The Scranton tribune. (Scranton, Pa.) 1891-1910, January 16, 1894, Page 7, Image 7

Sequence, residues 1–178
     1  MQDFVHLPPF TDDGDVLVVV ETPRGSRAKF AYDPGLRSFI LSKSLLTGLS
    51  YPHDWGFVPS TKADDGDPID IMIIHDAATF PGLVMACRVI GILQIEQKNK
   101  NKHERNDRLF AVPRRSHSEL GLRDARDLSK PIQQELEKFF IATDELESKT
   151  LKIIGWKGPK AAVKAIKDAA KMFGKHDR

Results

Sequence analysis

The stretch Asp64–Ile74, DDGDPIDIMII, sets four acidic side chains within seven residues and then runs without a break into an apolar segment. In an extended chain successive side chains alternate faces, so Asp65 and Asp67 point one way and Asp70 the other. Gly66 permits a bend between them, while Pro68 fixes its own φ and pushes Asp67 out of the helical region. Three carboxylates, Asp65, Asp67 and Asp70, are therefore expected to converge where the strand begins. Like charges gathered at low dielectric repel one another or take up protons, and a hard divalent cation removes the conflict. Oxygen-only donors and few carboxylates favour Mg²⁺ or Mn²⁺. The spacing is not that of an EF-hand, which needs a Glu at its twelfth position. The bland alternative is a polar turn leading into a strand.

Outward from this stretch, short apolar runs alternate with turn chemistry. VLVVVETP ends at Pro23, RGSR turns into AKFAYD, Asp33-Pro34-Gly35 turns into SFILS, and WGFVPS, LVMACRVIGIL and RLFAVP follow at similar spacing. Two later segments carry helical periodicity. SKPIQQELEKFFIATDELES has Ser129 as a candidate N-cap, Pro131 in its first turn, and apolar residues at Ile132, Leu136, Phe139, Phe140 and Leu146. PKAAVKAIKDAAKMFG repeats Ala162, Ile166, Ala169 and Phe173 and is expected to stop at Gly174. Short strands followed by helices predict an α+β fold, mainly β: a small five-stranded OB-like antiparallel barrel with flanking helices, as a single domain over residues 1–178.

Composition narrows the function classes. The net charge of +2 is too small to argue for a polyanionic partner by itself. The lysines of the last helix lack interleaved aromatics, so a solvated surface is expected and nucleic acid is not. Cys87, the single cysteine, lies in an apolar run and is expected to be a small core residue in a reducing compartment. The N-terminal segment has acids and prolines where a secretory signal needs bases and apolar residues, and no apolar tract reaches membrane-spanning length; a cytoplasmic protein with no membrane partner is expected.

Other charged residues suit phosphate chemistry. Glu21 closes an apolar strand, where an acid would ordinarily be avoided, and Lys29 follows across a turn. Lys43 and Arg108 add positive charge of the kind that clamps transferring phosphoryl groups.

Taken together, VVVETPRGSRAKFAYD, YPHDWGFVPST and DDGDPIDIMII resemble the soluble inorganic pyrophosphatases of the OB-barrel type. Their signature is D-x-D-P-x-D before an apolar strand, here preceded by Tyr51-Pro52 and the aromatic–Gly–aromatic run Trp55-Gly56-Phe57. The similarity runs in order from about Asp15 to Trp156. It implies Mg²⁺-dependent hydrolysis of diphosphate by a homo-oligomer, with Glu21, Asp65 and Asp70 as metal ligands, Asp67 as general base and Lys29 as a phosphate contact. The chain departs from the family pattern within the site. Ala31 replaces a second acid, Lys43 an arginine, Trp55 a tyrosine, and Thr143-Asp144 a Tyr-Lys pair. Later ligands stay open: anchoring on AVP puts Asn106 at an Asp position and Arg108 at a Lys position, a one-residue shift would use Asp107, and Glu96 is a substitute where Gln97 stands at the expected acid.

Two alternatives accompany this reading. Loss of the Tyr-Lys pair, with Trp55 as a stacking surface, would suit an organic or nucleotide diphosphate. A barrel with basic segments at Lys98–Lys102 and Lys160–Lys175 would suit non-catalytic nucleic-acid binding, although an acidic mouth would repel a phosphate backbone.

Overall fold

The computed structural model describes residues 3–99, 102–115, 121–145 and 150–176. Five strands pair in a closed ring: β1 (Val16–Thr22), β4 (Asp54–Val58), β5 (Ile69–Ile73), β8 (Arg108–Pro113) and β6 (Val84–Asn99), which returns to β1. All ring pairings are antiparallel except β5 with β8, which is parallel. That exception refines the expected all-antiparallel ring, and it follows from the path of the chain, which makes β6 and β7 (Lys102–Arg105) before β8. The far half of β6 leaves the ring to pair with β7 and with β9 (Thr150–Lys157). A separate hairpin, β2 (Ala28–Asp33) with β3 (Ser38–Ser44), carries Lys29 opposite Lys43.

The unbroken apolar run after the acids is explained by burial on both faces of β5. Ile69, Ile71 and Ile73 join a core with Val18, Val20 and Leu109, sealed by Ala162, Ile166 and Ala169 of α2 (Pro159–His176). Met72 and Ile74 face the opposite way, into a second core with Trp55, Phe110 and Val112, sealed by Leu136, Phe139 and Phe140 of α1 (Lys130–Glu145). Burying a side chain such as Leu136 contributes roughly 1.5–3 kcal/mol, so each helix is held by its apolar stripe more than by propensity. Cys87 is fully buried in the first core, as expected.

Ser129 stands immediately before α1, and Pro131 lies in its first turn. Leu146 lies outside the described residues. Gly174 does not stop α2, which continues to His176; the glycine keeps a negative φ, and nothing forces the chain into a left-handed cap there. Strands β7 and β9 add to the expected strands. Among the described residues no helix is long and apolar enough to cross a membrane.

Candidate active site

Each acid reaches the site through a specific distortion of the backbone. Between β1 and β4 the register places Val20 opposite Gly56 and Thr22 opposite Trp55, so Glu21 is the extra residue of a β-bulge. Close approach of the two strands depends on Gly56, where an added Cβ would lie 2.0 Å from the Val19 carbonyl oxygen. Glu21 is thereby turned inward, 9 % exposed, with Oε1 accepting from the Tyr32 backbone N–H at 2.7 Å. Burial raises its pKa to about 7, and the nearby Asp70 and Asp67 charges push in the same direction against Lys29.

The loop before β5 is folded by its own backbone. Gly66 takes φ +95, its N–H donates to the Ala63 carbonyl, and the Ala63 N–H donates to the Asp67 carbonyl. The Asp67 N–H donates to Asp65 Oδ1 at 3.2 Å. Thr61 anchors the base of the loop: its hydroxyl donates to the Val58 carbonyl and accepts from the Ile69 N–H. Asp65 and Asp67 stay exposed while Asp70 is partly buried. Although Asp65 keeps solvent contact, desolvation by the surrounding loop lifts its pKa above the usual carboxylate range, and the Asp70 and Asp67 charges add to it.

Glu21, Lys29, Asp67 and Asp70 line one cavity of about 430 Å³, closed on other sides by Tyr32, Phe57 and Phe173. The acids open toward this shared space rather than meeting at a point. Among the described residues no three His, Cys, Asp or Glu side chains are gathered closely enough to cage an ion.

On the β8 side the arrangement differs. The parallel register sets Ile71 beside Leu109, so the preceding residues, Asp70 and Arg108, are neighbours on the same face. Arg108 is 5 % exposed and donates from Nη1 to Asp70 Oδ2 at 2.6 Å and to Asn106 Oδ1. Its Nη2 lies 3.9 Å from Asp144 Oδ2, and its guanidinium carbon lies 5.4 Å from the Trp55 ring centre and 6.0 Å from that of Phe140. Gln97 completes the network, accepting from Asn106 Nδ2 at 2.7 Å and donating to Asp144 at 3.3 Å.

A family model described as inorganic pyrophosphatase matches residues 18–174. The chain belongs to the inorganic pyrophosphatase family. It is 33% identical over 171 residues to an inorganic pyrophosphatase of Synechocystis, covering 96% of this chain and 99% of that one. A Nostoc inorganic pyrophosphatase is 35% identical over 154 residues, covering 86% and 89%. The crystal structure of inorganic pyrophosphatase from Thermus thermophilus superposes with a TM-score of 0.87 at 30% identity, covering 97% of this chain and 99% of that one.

THE SCRANTOV TIttBUXE TUESDAY MOBBING, JANUARY 10, 1894. AP FOR LADIES' MUFF. w wVi How can we sell AF Muffs at this price? JlgP We must. have the "VUb room and all Furs must go regardless of what they cost. We still have a good assortment of Fine Furs. A 4 Aft FOR LADIES' $lavU Black Cheviot A 4 AA Umbrella back, w w ment and well worth double the money. We have some very good styles left in Fine Garments. A CHILDREN'S UN MP DERWEAR. Our stock of Chil ft dren's Underwear is Mr much larger than we want to carry, so have cut the price deep to close. White, qc. upward. Scarlet and Gray at cost. AN UNAVAILING KICK. 25c. LADIES AND MEN'3 UNDERWEAR. AP Greatest Bargain fi in this department VUi evcr offered. All grades of White, Gray and Scarlet: price astonishes. HOW SHE 00T IT. No $16.75 $16.75 Sewing Machine uemorest AT WALTER'S, 128 Wyoming Ave. FRAMING PICTURES. Protecting Pictures of Orude Art KxoeUenea efl 'fritting 7ost. Many households uroat the present time 'fipb in ai'cumulation of pictures of gen nine artistic merits, such, for instance, us ones included in the holiday numbers of the magazines and periodicals. While all may not be worth the trouble of pre- n f I - . V .:,,J 1 A K1F.POX FRAME FOR PICTLT.F. erring! not a few are worthy of fram ing and hanging at least in the sitting room and bedrooms of the average homes. To preserve one that pleases, a single frame can bo made thai is ample protec tion and costs but a tritle of labor and expense by following these directions, given in t he New York Times: Gum the picture on a mat of bristol board, leaving a margin tliu width of the ribbon to be used, about inches. Fit a piece of window glass over the mat and picture, holding it in place on either side with a band of ribbon passed quite arOQnd glass and mat and secured with R bow. A piece of narrower ribbon or wire attached to the mat and glass through a perforation hangs the picture. Apples ami I'otatoei. Apples and potatoes should never be lu-pt in the same cellar, or if this is un avoidable, the potatoes should lie kept in i tho warmest part of the cellar and ap plet in a barrel well headed up near tho windows, where on days when the air outside is only B few degrees above freez ing they can be treated to a cold breeze from the open windows, while at the name time the atmosphere in the part of the cellar where the potatoes are Uept dots not fall below 40 degrees. Waddtap AnnlTerMriM, First, cotton wedding; second, paper wedding; third, feather wedding; fourth, book wedding; fifth, wooden wedding; sixth, garnet wedding; seventh, wooleu wedding; eighth, bric a-brao wedding; ninth, topaz wedding; tenth, tin wed ding; twelfth, silk and linen wedding; lifteenth, crystal wedding; twentieth, china wedding; twenty-fifth, silver wed ding; thirtieth, pearl Wedding thirty live, sapphire wedding; fortieth, ruby wedding; fiftieth, golden wedding; sev-euty-lifth, diamond wedding. Scotch Apple Fie. Scald a largo teaenpful of oatmeal by pouring ovi r it a pint of boiling water. Allow it to stand for four hours or lung er, if Unit is not enough to swell tho oat meal. Add I large apples, pared and sliced, li tablespoonfulsof sugar, '! tablo spoonfuls of Hour. Mix all thoroughly together and bake in a buttered dish. When cooked, turn out aud serve. This makes a delicious pie, and is as whole some as it is good. T, e Importinee of keeping the liver snd kidney iu Rood counition cannot be ovei estimated. Hood's Harsnpni illn in a great remedy for reulntiuK aud ltivlgora tiiiy ttiese organ. Hood'i PUI act oaaily, vet promptly and effectively, on the liver and huwola. "But, my dear grandson," said old Roger Loomis from the couch by the window, from which he was uever to rise, "I distrust tho blood. I remember this young lady's mother and grandmother; cold, Selfish women both of them. Then there was Stephen Phibbt), who was a boy with me. Wc used to call him 'Foxy' Phibbt at school, and it stuck to him, and, like all nicknames that stick, it was pat. father and sou they have all been Toxy' since. Now, from cunning and greed, what can you expect except graphs frcm thistles V "Oh," cried Bgbsjtt passionately, "how cruel, how unjust, is such logic! Is not every soul free and independent!1 What has Frances to do with her people, or her people with Frances? She is herself, thank Uod, and through God, lur Divinity only could fashion so innocent, so gentle, so charming a creature. As for the Phibbs family, it has always been considered re spectable at least.'' "Ah, t here is a remorseless, fixed respecta bility far more to be feared than u score of failures from weakness, Vou can't escape from heredity, Egbert; it is bred in the lnine. The book may be revised, but the original thought permeates it. I have never seen I his fair goddess of yours, but I'll Ven tura to say that she has a smiling counte nance." "Oil, sir, 'tis her chief charm, if such equal rivals may own a leader! It is the soft glow of purity, and there is benedic tion in it." "1 thought so. All their Women have had it. An inherited twist of the muscles. We used to call it the 'prosperous smirk.' 1 fear If yon were not my heir there might Isi more negation than benediction." "Oh, sir, desist for the sake of my love!" "Pool Egbert. Vou are between two Ores, your respect for tne, jour passion lor this young girl, and they both scorch you. Know, then, that solicitude is a mark of affection." "I appreciate your tender anxiety, believe me, but iu this instance it is at fault. If you only might see her and judge from substance, not fancy! l can't begin to fit tingly eXpNBS the admirable qualities which distinguish my Frances, her'' - "Prnydon'tl 1 am too feeble tO endure u sonnet to your lady's eyebrow." "Ah, you would not jest with my fu ture:" "Why not ( All hopes ato but the quips of destiny." "No power could shake my faith in you, grandfather, nor in her. As for her people, surely they are admitted t j be in the first circle. Her father was a warden at St. Si mon's. Her uncle, Judge Pbibbs" "By the way, what do the politicians cull him:'' " 'Foxy1 Phibbt. Oh, that's too bad! Grandfather, 1 can't argue with you. Were all y our fears facts, it is too late. I love her far more than life or eternity. I would give tne fortune you promise me, my im mortal soul, to make her my own. I 1" Hen Egbert rested his head on his hand and was overcome by an houc-t emotion. "She might accept Volt without the lat ter, hut never without the former. Hut there, there, my boy, 1 am old enough surely to know that 1 have attempted an Impossibility. Voting love is blind and de af and dumb and demented. No argu ment can move him save the prod of one of his own arrows. Forgive me If I bae wounded vou. I 11 not speak so again. Ke tnember, yon are the Benjamin ox my race, and how proud 1 am of you! 1 would save you from your fate, but it wouldn't be fate if I could. Experience is a harsh master. In disciplining he transmutes, aud I would keep your spirit as it is. you can't recol lect your mother. She was a beautiful woman, and ail reverence to the dead, but your father was not happy with her. Nei t her. alas, was I happy with 'ah, the gliding years! At fourscore can I not forget the re greta and sorrows of my youth:' Leave me, Egbert Discussion excites me. I would regain, through rest, the stolidity of my condition. Hely always on my fondness." old Roger Loomis lay propped by the pillows on the broad couch by the window looking out on the hedge lined garden, which ran down to the river. On that turf be had sported as a child. Through those winding paths he had strolled iu early man hood, arm and arm With one whose memory was now as bitter s her presence had then besn gracious, In this great house of the Loomis family hu had dwelt throughout harvest and winter, maintaining a famous hospitality, achieving respect if not love, and the honors which position, wealth and learning may bring. Hut thesacred hearth of home bod remained gloomy and cold. Here he had seen his only sou re-enacting the griefs of his father, a noble youth ad vancing into u noble manhood, until the cling of soft arms had become u restraining clog. Here he had watched the successive mutations, coldness, recrimination, un hap piness, despair, as one may view a revisited landscape. Here he had been left iiWme. for his strength had not descended and death had snapped the chain of similitude alone, save for his little grandsSn. Ah, what u mighty exception I The light of that child's nature hail dispersed sorrow and brought contentment, in him his pride and affec tion had found responding recompenses. Nsver had Egbert disappointed him. Never had he given the lie to that ideal of manli ness and honor which had become his like ness. How the old man loved him and prayetl for his future! How he would fain mark the pitfalls, that they might be avoid edl And how Judgment ihjrided this anx iety fend exposal its Impottnof) But the day previous he had been willing to die, as indeed he knew he must, for he had felt that DatUre and discipline had cleared the path for his darling, but now, even in this resig nation, had come the young man's ingenu ous confession of passion for one whose as sociations he drafted and despised, and out from the forgetfulne-iof the past straight way rushed agonies gibing tit his extrem ity and their own undiminished powers. "Ah, well," llghed old Roger Loomis, "it is hard to kick against the pricks. He must Win by struggling.'' Yes, such was the condition of man's rise from the tsl I , that nsvs? dying, ever extend- ing mysterious sin, but was it necessary that toil experience should come s.o late that ere the clouds had rolled away the sun had set? Let him consider! He had h:-cn renowned as an adviser, one who could ca jole circumstances and win their favor. Ought not his fuiling powers now sufllc:: to protect his very and only own! Yet what could he dot Under no consideration would he disinherit or restrict tho inheri tance of tho last of his race. Ho was en titled by birth and character to take it, and lake it he should. Hut might hu not seem to do that which he would not? Might not this sweetly speaking, sweetly smiling maid be led to suppose that her lover was not the heir, but as poor as the poore t Whom she surely despised! Would Dot then her voice grow shrill and scornful, would not her beaming features harden into refusal? "Let me see," soliloquized old Itoger Loomis. "It's dangerous, yet what worthy play hath npt its hazard? I am certain of thu statute. Why, I argued for its ret en- tion bofori the council of revision. Hut I might die immediately after the execution. No, 1 know my strength; It wilMnst me for at least another month. What victory could ever bo won if fear of death were heeded? I will tell Btirgess that if I don't send It to him in a w eek's time that, Will be a sign that I have surely destroyed it. Hut Egbert? Will he hesitate? Not for Due instant! Would 1 have hesitated; Thank (Jod, in honor my boy cannot be taught by experience!" The next morning old Roger Loomis sent a note to his luwyw, Abel Burgess, and during the afternoon in response that wor thy man called. For mi hour hu remained 1. PAPA My dear, I have t ought yon something that you wanted, mere trifla " " Heiress Why W. FBI shocked! You know I never drink'; dps V v Papai-Now, Sum, peu it carefully. l- . It y Mm "You so-, daughter, owing to the strict laws concerninc panpor immigra tion, I smuggled the Duke through as brandy." Heikkbr How lovely' in consultation. For an hour he sat ut the desk and wrote, and his client watched the glide of the silver river and prayed that thus might his purpose speefl to its goal. Then tlsl butler and the gardener were sum moned, and with Unaccustomed fingers at tached their signatures. The lawyer prepared to take his depar ture with many a muttered "humph'1 and shrug of shoulder. "I see you don't like it, Burgess," said old Roger Loomis. "The sentiment does you honor, but 1 have my reasons. Preserve the will 1 made a year since, and If you don't receive this one from mo within a week offer that one for probate, for you may then be sure that I have changed my mind and applied the match." "(.'hanged your notion rather," growled the lawyer. "There it is, and I hope ir soon may burn for a fantastical piece of d d nonsense. It's a sin to trifle with the law. But there, 1 never offer my ad vice unsought least of all to one so obsti Date as you, Goodby." "Goodby, old Prickly Pear," said his cli ent, smiling whimsically. It was a fortnight Inter that old Roger Loomis called Egbert to his bedside. "Vou are going to be married, of course, my dear?" he said feebly. "Alter I'm gon after I'm gona God grant that my fore bodings are foolish. I'll forbode no more. One request I make. Take this sealed package. A month before your wedding open it, examine the contents and act. You buve confidence In me you believe in my love?" ' Though you fIuv me, yet will I trust In you," responded Egbert simply. "I will do us you wish." "The Lord make bis face to shine on you, my boy," faltered tho old man. "1 think 1 may sleep now. 1 am weary." Ah, tranquil slumber, thut rewards and relieves the Weariness of yesrsl Ah, blessed calm, that preceded and cannot coexist with light! Aftei the Acad had been yielded to the pence of the gravo Abel BttlgSfeJ produced the will made the previous year as the last will and testament of Huger Loomis, de ceased. As such it wan at once admitted to probate, for it fnllllled general expecta tions, and Egbert Loomis became t he owner of the vast estate of his grandfather. How hfippy was Egbert I He remembered the kind old man too tenderly to mourn for him, for he knew that never hnd curfew come more gratefully to tired laborer than had death to Roger Loomis. Ho was happy iu the ofetM of Ids prop, erty, happy, oh, so happy In bis love. And Indeed melancholy would have been that nature that did not lighten from const ant association with Frances Phibhs, for she was as blithe as the sunshine. And like the sunshine rhe was blithe, for It hath no hope beyond existence. Her ambition, if she was ambitious, was fully satisfied. She was beloved, and he, who worshiped her as his goddess was thot nost gallant, the most talented, the richest youtig man of Aber deen. From his position she could look about her with superiority, for for below she would discern the struggling throng of kin dred, friends, acquaintances aud Strangers, Aud so the golden days outstretched and formed links of weeks and coils of mont h .. and the time came when Egbert, looking forward with fond anticipation, murmured to hitnuelf, "A month from now and Fran ces will be my wife." He was seated, as he Spoke his thought, before the glowing hearth lu his grand father's great room, watching the Hashes t brougb t he curls of smoke, aud from them conjuring views ol felicity. It was late at niL'jit , and the v hole house was silent, save for the vain buffeting of the storm with out, not vain, indeed, since it intensified comfort by its contrast. liven us Kgbert spoke, he looked toward the couch by the window and seemed to see the gaunt old man again extending u sealed package and to hear his words, "A month before your Wedding day open it, examine the contents and act. When his grandfather had thus spoken Egbert had received the admonition, as he always had. implicitly. What it meant of course he did not know, but some good Sowing from that p-renninl fountain of benelicence. He had scarcely thought of it since and then only with a tender smile, as one recalls a kindness. But now the room seemed chill, the lire on the hearthstone spent, and a dread shook his heart. Such Is the frailty of mortal felicity. When through patient toil it hath been construct ed, then comes apprehension lest the Weight of the coping stone shall o'ertopple it. Egbert went to the desk and brought forth the package. He bore it to the drop light and broke the seals. He unfolded t he w rapper and discovered a legal document. It was indorsed the "Last Will and Testa ment of Roger Loomis" and dated a fort night previous to his grandfather's death. He read the contents. They Were terse and significant. The testator abrogated all oth er wills aud devised his entire estate to the the Abardetn Benevolent fraternity, of which branch he had bcenoucof thecharter members. Once more revery in the great armchair beforo the capacious hearth; but, oh, how faint the glimmer of the sparks, and, oh, how penetrating the t ingle of the blast from wlthoutl Egbert never questioned, never doubted; he comprclieuueu at once wnat had been done and he faced his future. Gone were the joyous anticipations, covered with dead gray abh that smiling vision of love liussa with passion lit eyes and white arms extended. He saw a Ufa of drudgery, of privation, of loneliness. Neverdld imagina tion daro to link Frances with it. That judgment w hose voice had la-en unheard in prosperity now assured him that she was us foreign to such a condition as a lark to the gloomy w ladings of a cavern. There is a consolation in that despair which comes from Inability to do wrong. It stifles thought nud convince one of one's position as absolutely as co;ild bands of stl el. by should the prisoner In a tread mill dream of green fields? Why should the wrecked mariner sinking In midocean recall pictures of home? Egbert soon be came conscioasthat he was cold and weary. He hastened to bid, and sleep, that cher-it-ber of the unfortunate, composed and caressed his limbs. The next morning, an hour before the opening of court, little Mr. Phibbs, the sur rogate of Aberdeen county, sat within his private office rending the paper through sparkling spectacles und amid coruscating smiles. The dooropeued, andEghert Loomis entered. "My dear fellow," cried the lawyer, springing to his feet, "I am charmed to have you break in on my leisure. That's right. Make yourself comfortable. Have a cigar? It is pleasant to desifere in loco, eh? Well, how is everything? How is the fascinating Frances? Ah, you lucky dog, you will be one of us soon." "I desire to see you iu your official capac ity, Mr. Surrogate," said Egbert stiffly (why is rectitude always a clown und ras cality u courtier!-), "and to file with you this document." . "Eh? What' this? The lust will and testament, of Roger Loouus, made only a few dayi before Ids deuth? Why. the old man must have beeu daft. Everything to the Aberdeen Benevolent fraternity? Pre posterous! Let me see: a oharitablo devise within less than a month of the testator's death? Oh, ho! Where d!4 you get this, Egbert?" "Grandfather left a package in my charge, and I only examined it last night." "Aud brought it to court at the first pos sible moment! I salute you. I had sup posed that the one perfect man had been translated some time since. Well, no great harm, I guess. Whom have you told about this?" "No one. I went to see Mr. Burgess, but lie is out of town. After all, 1 do not need advice." "No? And w hat about Prances?" "Ah, Frances I I have not the heart to see her. I shall write to her today." "And givo back the heart you have taken and all that folderol, eh? Mark my words, young man, you can't shake e ll a Pbibbs so easily. Fidelity is a family characteristic, sir. But write; it will serve to make you better acquainted with your future wife. Now, na for this document, it's u will of course, and as such must b? respected, but well, I won't say. I'll have my say later. ' You would best taku it to the president of i the corporate board and let him act, as he I will speedily. Don t be disheartened, my boy; ao write your letter and count your blessings." "And now," muttered the astute Mr. Phibbs, after he hud called his clerk and informed him to hold all business pending un important half hour engagement, "now to see my fan- niece. Ah, Frances, that pretty head of yours is about as level as they make them; but, for all that, if it were not for your devoted nuclei fear you would this day bite off the daintiest little nose iu Aberdeen.!' That evening after a solitary dinner Fg bert sat iu melancholy thought over his coffee and cigar. How leuious was life a Struggle through a jungle into a morassl No wonder his grandfather bad always said that the hyperboreans were the mast virtu ous and happy race, since they hailed death as a victorious friend Willi garlands of flow ers. His grandfather! As he recalled that face there was tender affection in those deep eyes. But w hy no, lie would not ask it He would reverence the memory as he had the man. There was a glide, a silken rustle, and Francei Phibbs sunk sobbing at his knees. "Oh, dearest!" she cried, "this is no time for conventionality, Oh. your cruel, cruel letter! How could you wrong your faith-I fill Frances so!- Never shall you leave me; I 1 will cling to your feet: Would you kill! me? Come weal, come woe, I am yours! welcome poverty, since it malnlests mv constancy. Wherever t hou gout 1 shall go, and thy God shall be my God!" The day ame for the hearing of the mo tion for the revocation of probate of Roger Loomis1 will before Mr. Surrogate Phibbs, Egbert was present, sitting at one side, calm and Indifferent S0 were the presi dent of the Aberdeen Benevolent fraternity, expansive and hopeful, and his attorney, .lames Wallace, Esq., dubious and silent. There were but lew in attendance, for little Mr. Phibbt had a way of keeping matters KCTet which he wished to be secret, whili, at tho same time he won frequent encomi ums from the press for information courte OUaly furnished. "You do not appear by counsel, I believe, Mr. Loomis," he said when the case was called. "No, your honor," replied Egbert, "I do not H ih to oiler any opposition." "I think you may sufely trust the court to protect your interests. Now, then, geu tlemen." The will contained in thesealed package was produced, and the butler and garden er, with many a precatory glance toward tbelr young master, testified to its execu tion. James Wallace, Esq., read its pro visions fur the information of the court, and apparent ly to some effect , for that smil ing and sparkling personage interrupted as follows: "But, Brother Wallace, we have proof here of the date of the death of the testator, and it now appears that this document pro pounded was executed only a fortnight prior to bh death. It la hardly necessary for me to remind you that such a charitable devbe, under the stutute, is void agaiust th. natural heir." "1 think I can show, may it please jour honor, that we are clearly within the rule as laid down by Mr. Justice Jackson iu 'Knox versus Knox.' reported." "No, no," again interrupted the little judge. "I can hardly agree with you there. I think I most deny your motion and bold thut the probate of the will first ottered shull stand. Possibly the supreme court may put me in error, but I doubt It, Broth er Wallace, I doubt 't axceedingly," But Brother Wallace was fi r too erudite a lawyer to tempt the supreme court iittalust his own private convictions, and the Aberdeen Benevolent fraternity was forced to continue Its benefactions without the aiil of the Loomis estate. "1 wonder why grandfather made it?" conjectured Egbert on his wedding day to his old friend Abel Burges. "lie must have known of its invalidity." "Perhaps he hoped to prove to y,ai the vanity ol huniau wishes," said the lawyer indefinitely, "Bear old man! If he know, he is as happy today as I am." New York Times. A rutent Medicine. The Doctor --Are yon aware that balsam of tlr possesses rare properties as a medi cine? The Head of the Family I urn. lean recall Instances trhere a' sealskin sack soothed a tremendous Irritation In inv family. There's nolhing like a balsam of far - n ' WHEN THERE'S DANGER ! Physicians Use, Prescrlba, Recom mend Paine's Celery Compound. More words of praisn have been writ ten and spoken by well known mn and wi men iu every section of tho country witbiu the past few years for the fa mous compound first prescribed by Prof Phelps of Dartmouth college than Imvebeen bestowed upon all other re mo lies put together. More physicians in high standing are using, presdiibing aud recommending Paine's celery compound than any othsr prepared remedy in tbe world. More space is devoted in many a medical journal to tho wonderful cures Paines colery compound effects that to any other one subject. Puine's eelt-ry compound is pre emi nently the remedy that iuaks people well. W.Allen Hubbard, M. D , 70 West ( Vdur street, is one ef Boston's best physicians. He says what hundreds of other physicians have said before, and his experience adds one more to the iiundreds already published, that Paine's celery compound is unduntedly the highest prodnct of the medical knowledge of this century. "The formnln of Paine's celery com pound, "he saTS. "interested mi because of its sci- ntific valne, and 1 prescribed the remedy in a number of cases where the Hood was impoverished and the nerves werkened. The results were so tatitfactory that I do not hesitate to indorse Paine's celery compound as a most valuable remedy." J. H. Hanaford, M. D., whose writ ings in journals of national Circulation have ondeared him to thousands, lies said: The formula of Paine's celery comnound which was submitted to me was so satisfactory that 1 have used the medicine personally, and with much benefit. I hsve prescribed it with mojt excellent results." The well known Boston physician and surgeon, Dr. A. W. K. 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